Keith Alexander of The Washington Post moderated the candidates forum.
Keith Alexander of The Washington Post moderated the forum at The Pennsylvania Avenue Baptist Church in Ward 7. (William Atkins/GW Today)

Every candidate mentioned public safety as a priority, some noting a rash of carjackings often involving teenagers. Alexander asked candidates what they thought the city should do about its crime problem. Felder proposed “an expansion of the police cadet program” and suggested enlisting universities such as Howard and GW to train cadets who join the police department with a five-year commitment of service to the city. That would also qualify the cadets for the city’s first-time home buyer’s program.

Education was another hot topic of the evening. Grant wants to bring back vocational training to the schools. “Not everyone is going to go to college,” he said. He also urged more support for an increase in teachers’ pay. Fleming said the key to education is to start early. “[Programs] like Bard Early College High School, the only selective high school, which I brought to Southeast, where students in four years not only earn their high school diploma, but they also have two years of college and an associate degree. Thompson thinks the city needs to take a closer look at its budget. “I’m very invested in making sure all of our schools are fully funded, not just the per pupil allocations and their share of at-risk funds but are also fully modernized to make sure we have quality programming in all of our schools across the spectrum,” Thompson said.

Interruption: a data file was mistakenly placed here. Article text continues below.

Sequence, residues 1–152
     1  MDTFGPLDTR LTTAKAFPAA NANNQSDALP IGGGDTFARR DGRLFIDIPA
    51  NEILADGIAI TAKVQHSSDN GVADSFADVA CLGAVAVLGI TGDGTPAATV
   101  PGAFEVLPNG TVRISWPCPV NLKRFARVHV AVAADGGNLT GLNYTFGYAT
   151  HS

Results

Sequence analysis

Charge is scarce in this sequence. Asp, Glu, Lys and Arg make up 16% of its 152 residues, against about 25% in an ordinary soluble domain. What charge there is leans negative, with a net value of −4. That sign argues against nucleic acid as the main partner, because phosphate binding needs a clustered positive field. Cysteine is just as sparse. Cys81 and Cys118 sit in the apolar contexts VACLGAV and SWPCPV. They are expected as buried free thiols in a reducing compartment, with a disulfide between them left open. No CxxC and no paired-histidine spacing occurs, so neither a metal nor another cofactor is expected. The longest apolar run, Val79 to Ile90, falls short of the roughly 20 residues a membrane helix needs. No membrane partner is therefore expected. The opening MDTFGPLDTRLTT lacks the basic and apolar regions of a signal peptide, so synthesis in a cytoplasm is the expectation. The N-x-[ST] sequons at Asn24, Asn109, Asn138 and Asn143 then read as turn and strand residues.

When the issue around health care disparities for residents east of the Anacostia River came up, Reed noted too many residents are unfamiliar with the many available resources. “There’s a stigma attached to health problems in the community,” Reed said. “We need to engage the professionals in our community who may gain more trust of our neighbors who have misgivings so they can find out what’s available such as mammogram services for women, healthy child services.”